It’s Still March, Right?

Well Happy Spring!

I don’t know where this month has gone, but things are really starting to take shape around here.  The chicks are growing by leaps and wing spans, and their coop is just about ready for them.  Which is good, because they are definitely ready for some more space, as well as proper roosts and bigger feeders.  The raised beds are halfway there–4 of the 8 beds are done and just need soil and manure before I can plant in them, and the other 4 will be ready soon.  My peas are in the ground, along with some crimson fava beans.  And I have sown a bit of ground cover (rye and clover) on some bare patches where the chickens will be scratching in a month or so.

I’m nervously watching the calendar, though, because the list of veggies, flowers, and herbs that need to be started in March is long!  I got to the onions, leeks, and parsley in February, and I managed to start some lettuce and spinach seeds a couple of weeks ago as well.  But the bulk of the seeding needs to be done this week: broccoli, cabbage, cauliflower, tomatoes, peppers, basil…  I did get a bit of fennel started today too.  And I know all of these should have/could have been started a few weeks ago!  I’ll be regretting that I wasn’t off the ball more quickly when the good weather (does such a thing exist?) really gets going soon…  But this year is so much about building infrastructure that I’m not beating myself up about staying perfectly on top of the planting.

On the potato front, I went a little crazy with my seed potato ordering. :0  I ordered my potatoes from W and A Farms in Richmond, and I was dazzled by their selection.  I wanted lots of the really early potatoes to plant, and I wasn’t happy with the flavour of the Warbas we tried last year.  So I put in a special order for Carlitas, another “first early”.  Then we were at Canadian Tire a few weeks back, and they had boxes of early Purple Caribe potatoes, so we ended up with a couple of boxes of those too.  Then my Carlitas arrived in a GIANT 10kg/ 22lb bag whose label told me there was enough here to plant 44 row feet!  Yep.  My math leaves a lot to be desired when I’m asked questions on the spot.  I have about 25 row feet TOTAL for early potatoes.  I’m going to try to give some to the neighbours…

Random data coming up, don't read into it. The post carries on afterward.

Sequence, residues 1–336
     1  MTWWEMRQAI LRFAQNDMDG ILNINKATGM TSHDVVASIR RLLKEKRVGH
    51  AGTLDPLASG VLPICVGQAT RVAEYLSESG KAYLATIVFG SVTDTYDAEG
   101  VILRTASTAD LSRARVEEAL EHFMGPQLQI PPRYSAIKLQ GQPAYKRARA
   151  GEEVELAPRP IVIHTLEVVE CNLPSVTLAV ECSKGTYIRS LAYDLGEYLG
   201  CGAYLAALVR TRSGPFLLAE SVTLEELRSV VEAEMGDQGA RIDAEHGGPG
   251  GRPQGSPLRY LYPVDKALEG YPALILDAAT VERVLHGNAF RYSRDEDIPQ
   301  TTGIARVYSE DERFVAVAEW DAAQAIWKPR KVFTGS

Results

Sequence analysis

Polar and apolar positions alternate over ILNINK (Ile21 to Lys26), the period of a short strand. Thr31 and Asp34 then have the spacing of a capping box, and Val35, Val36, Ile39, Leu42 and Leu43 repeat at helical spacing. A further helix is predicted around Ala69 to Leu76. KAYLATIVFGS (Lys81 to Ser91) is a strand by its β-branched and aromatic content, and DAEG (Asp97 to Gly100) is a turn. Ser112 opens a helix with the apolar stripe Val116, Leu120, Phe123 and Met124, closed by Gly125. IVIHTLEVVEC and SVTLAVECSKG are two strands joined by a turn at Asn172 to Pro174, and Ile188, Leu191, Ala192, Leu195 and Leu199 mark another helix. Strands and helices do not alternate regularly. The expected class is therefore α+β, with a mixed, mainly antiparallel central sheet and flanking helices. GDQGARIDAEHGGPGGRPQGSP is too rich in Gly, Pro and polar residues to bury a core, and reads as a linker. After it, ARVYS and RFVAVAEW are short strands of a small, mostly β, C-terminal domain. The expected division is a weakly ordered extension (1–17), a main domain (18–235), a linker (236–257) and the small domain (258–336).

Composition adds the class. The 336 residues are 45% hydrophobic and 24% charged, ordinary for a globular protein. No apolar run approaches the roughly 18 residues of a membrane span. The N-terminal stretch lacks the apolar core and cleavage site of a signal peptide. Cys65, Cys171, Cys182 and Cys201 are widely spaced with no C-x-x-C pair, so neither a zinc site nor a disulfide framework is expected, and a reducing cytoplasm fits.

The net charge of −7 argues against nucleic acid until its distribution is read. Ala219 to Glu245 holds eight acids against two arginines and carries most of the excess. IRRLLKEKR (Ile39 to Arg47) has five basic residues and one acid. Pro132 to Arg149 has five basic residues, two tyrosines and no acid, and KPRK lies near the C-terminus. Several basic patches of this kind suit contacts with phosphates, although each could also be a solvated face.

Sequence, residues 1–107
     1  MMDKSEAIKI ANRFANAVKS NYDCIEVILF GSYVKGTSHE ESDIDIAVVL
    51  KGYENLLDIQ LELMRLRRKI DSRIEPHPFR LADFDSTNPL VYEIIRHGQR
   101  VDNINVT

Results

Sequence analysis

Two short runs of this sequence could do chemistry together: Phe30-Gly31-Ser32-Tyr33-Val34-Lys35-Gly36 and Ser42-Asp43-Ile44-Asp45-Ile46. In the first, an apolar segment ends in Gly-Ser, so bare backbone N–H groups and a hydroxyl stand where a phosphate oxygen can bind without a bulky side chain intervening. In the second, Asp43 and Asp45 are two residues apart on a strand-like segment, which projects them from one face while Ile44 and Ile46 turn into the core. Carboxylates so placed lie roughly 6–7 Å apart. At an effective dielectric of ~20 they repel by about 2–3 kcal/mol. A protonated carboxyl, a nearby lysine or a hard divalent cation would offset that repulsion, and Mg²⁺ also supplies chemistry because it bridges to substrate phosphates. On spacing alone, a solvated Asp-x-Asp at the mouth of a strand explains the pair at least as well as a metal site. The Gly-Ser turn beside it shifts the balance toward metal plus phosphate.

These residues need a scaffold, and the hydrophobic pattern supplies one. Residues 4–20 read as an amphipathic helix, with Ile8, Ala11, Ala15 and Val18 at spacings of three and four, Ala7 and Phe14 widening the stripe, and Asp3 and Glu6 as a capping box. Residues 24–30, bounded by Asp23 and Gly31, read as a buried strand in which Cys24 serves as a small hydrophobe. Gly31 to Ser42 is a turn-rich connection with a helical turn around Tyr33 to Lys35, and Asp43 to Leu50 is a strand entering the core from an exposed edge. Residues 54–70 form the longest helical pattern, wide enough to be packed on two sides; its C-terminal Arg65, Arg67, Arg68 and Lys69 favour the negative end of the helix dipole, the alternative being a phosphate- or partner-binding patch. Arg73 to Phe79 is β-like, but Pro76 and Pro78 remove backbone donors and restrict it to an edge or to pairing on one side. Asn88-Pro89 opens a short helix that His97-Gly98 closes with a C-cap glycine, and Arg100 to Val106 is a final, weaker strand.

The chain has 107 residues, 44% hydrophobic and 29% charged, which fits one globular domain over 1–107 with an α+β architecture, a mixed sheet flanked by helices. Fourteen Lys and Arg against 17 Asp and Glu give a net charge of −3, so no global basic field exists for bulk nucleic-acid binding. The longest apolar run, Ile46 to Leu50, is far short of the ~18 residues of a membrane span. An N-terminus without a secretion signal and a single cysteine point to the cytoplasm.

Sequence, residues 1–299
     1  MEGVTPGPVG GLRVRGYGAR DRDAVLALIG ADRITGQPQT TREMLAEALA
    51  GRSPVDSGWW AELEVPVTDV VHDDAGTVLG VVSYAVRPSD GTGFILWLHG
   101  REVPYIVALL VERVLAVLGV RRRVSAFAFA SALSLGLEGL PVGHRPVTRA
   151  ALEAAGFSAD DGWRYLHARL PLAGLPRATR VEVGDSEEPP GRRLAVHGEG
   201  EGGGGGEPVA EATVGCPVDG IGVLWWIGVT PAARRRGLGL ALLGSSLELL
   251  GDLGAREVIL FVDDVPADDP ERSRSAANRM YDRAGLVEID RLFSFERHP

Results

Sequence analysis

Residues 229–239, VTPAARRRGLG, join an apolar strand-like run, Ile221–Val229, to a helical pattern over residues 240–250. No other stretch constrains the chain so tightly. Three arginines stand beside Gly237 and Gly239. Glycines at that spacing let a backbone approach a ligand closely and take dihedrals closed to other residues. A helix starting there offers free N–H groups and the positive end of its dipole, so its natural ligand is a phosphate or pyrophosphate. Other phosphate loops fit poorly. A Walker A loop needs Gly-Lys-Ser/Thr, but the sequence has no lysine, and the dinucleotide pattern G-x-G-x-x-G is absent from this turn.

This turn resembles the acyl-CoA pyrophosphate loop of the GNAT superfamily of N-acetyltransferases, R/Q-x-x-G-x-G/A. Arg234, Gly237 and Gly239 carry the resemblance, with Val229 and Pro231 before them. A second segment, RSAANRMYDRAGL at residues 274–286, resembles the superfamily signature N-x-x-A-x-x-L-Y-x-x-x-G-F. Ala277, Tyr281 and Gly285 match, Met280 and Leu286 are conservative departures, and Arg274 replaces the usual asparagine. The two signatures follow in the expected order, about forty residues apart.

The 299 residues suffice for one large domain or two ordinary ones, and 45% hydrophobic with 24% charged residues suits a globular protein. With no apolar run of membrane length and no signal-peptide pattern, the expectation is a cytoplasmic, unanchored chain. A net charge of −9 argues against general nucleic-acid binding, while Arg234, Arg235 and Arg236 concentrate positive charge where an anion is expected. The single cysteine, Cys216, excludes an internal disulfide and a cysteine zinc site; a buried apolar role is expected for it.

For main crop, I’ve also got some Russian Blue and Kennebecs, and depending on space, I may try to fit some Norlands in too.  By the time those need to go in the ground, the beds will be ready and I’ll have a better idea of my space.

Despite my fears about getting everything done in March (you know, before April’s list starts!), I had an interesting conversation with the farmer from W and A when I placed my order.  I asked when they might be delivering their spuds, and she said that they were at least a week, possibly 2, behind schedule because of the weather.  We’ve had an unseasonably cold February and March in this area.  But she also commented that our growing season seems to be getting shorter and shorter.  Carolyn Herriot made the same observation–she now starts most, if not all, of her veggies as seedlings in cold frames and greenhouses because spring weather is becoming so unpredictable and because our Junes are also so often inhospitable.  Greenhouse seedlings mean that when the warm weather finally hits, the seedlings are ready on schedule.  Otherwise, many crops that used to do well here could be a challenge.  Herriot also mentions that she’s now only growing tomatoes in pots; she just doesn’t get the crop she wants otherwise.  This all means that so far, starting plants a little later than the earliest dates recommended might be smart.  You know, instead of just late!

I’m still learning about my microclimate here, so I don’t have any sense of how I might need to adapt my practices yet.  But it’s interesting to hear the comments from gardeners with decades of local experience that the weather is markably changing.

The chicks will be in their new digs later this week, if all goes according to plan, and the raised beds should be done shortly too–many pics to come!

 

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4 thoughts on “It’s Still March, Right?

  1. I sure don’t have a lot of experience – this will be my third growing year. So I can’t comment on changing weather patterns. But one thing I have learned is it doesn’t pay to push things by planting early. In both previous years I have had reason to plant a second batch of different vegetables (tomatoes, squash, peas) a couple of weeks after an initial seeding, and the second batch caught up quickly and seemed to do better. So this year I’m holding off on a few things. We’ll see if it makes any difference – all I can say is it’s really, really hard to be patient!

    1. Miriam, I appreciate hearing your conclusions. I really noticed with last year’s tomato year that my toms started mid-April seemed on par for ripening with those started by others much earlier. But I’m really hoping to do my own trials here in the years to come–and as the weather is so unpredictable, over-planting more often seems like a good idea. Although when juggling with planting with everything else, I must say many of my good ideas don’t get acted on as they should!

  2. I’m definitely feeling behind already! I’ve got a bunch of stuff under grow lights and no room for more, but it is about time to start the curcurbits.

    I also just planted my potatoes, but am only growing one variety this year, La Ratte.

    Hopefully the weather will perk up soon.

  3. Sandy, I’ll look forward to hearing how those potatoes are–I’ve never heard of that variety! And my goodness, curcubits! I hadn’t thought I could start those so early, but last year I planted much too late, so I’ll take another look at the calendar. Our soil didn’t warm up until late June last year, of course! Good luck with the seedling shuffle 🙂 .

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